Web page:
EXPLANATION: 'The Road Not Taken' Line 1 In this line Frost introduces the elements of his primary metaphor, the diverging roads. Back to Poem Lines 2-3 Here the speaker expresses his regret at his human limitations, that he must make a choice. Yet, the choice is not easy, since 'long I stood' before coming to a decision. Back to Poem Lines 4-5 He examines the path as best he can, but his vision is limited because the path bends and is covered over. These lines indicate that although the speaker would like to acquire more information, he is prevented from doing so because of the nature of his environment. Back to Poem Lines 6-8 In these lines, the speaker seems to indicate that the second path is a more attractive choice because no one has taken it lately.

However, he seems to feel ambivalent, since he also describes the path as 'just as fair' as the first rather than more fair. Back to Poem Lines 9-12 Although the poet breaks the stanza after line 10, the central idea continues into the third stanza, creating a structural link between these parts of the poem. Here, the speaker states that the paths are 'really about the same.' Neither path has been traveled lately. Although he's searching for a clear logical reason to decide on one path over another, that reason is unavailable. Back to Poem Lines 13-15 The speaker makes his decision, trying to persuade himself that he will eventually satisfy his desire to travel both paths, but simultaneously admitting that such a hope is unrealistic. Notice the exclamation mark after line 13; such a punctuation mark conveys excitement, but that excitement is quickly undercut by his admission in the following lines.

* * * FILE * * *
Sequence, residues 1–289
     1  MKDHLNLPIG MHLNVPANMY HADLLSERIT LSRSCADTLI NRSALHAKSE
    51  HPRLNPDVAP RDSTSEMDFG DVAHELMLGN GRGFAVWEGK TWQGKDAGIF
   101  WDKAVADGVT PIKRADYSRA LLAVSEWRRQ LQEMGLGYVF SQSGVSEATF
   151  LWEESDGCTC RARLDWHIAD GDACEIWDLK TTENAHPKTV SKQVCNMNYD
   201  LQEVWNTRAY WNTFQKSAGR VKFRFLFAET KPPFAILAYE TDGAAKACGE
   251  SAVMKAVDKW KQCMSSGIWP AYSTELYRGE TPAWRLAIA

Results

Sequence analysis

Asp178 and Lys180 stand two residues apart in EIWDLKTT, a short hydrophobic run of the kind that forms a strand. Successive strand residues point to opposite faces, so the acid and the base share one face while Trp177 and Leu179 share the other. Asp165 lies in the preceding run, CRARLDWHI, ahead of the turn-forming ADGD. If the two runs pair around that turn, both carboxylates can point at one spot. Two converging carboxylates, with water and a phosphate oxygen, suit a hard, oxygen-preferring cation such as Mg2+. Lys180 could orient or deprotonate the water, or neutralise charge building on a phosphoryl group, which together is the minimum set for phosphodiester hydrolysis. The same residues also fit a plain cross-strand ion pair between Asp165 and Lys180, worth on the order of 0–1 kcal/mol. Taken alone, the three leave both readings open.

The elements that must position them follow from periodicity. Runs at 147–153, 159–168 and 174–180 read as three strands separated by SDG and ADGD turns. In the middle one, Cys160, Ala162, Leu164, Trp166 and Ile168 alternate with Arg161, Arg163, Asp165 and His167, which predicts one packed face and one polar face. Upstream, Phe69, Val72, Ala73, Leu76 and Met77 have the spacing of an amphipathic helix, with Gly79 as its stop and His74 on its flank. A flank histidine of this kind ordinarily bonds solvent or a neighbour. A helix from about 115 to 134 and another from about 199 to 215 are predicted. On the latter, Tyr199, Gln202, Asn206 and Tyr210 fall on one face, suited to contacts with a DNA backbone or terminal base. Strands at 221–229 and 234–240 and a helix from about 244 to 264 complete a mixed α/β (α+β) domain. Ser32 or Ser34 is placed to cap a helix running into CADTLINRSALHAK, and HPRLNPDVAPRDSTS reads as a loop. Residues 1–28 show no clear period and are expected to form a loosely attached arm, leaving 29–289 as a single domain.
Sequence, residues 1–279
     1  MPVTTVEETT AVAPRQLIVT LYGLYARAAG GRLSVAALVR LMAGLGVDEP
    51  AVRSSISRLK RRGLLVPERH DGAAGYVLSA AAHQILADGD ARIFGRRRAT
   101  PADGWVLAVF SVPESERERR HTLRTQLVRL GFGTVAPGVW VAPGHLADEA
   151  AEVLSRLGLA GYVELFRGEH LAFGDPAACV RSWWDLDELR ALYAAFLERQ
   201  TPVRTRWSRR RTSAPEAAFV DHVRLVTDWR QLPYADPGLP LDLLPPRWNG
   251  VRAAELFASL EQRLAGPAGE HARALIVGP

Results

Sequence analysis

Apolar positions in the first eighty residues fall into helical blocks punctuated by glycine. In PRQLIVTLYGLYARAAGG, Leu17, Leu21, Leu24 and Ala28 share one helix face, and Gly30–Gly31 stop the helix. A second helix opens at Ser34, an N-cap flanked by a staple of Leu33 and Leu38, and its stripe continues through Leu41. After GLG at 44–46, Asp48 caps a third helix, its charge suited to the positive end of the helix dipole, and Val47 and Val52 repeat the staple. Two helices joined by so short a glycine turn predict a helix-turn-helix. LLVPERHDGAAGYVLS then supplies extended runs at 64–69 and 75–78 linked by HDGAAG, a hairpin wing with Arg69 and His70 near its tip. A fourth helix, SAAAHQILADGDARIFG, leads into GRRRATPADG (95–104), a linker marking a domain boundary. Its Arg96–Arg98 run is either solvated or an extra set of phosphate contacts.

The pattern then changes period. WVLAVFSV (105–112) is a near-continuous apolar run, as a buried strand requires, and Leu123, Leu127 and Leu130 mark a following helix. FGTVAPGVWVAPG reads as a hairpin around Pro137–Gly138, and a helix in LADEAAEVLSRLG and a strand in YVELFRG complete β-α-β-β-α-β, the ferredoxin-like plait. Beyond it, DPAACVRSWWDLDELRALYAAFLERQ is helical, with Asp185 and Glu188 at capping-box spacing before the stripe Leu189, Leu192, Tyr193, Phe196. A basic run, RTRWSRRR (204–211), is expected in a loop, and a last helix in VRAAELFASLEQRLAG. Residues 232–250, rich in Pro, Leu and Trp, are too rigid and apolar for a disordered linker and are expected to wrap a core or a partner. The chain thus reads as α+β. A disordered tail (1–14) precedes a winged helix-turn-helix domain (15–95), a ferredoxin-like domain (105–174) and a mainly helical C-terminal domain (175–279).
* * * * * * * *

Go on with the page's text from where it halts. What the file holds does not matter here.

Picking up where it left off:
Back to Poem Lines 16-20 In this stanza, the tone clearly shifts. This is the only stanza which also begins with a new sentence, indicating a stronger break from the previous ideas. The speaker imagines himself in the future, discussing his life. What he suggests, here, though, appears to contradict what he has said earlier. At the end of the poem, in the future, he will claim that the paths were different from each other and that he courageously did not choose the conventional route. Perhaps he will actually believe this in the future; perhaps he only wishes that he could choose 'the one less traveled by.'.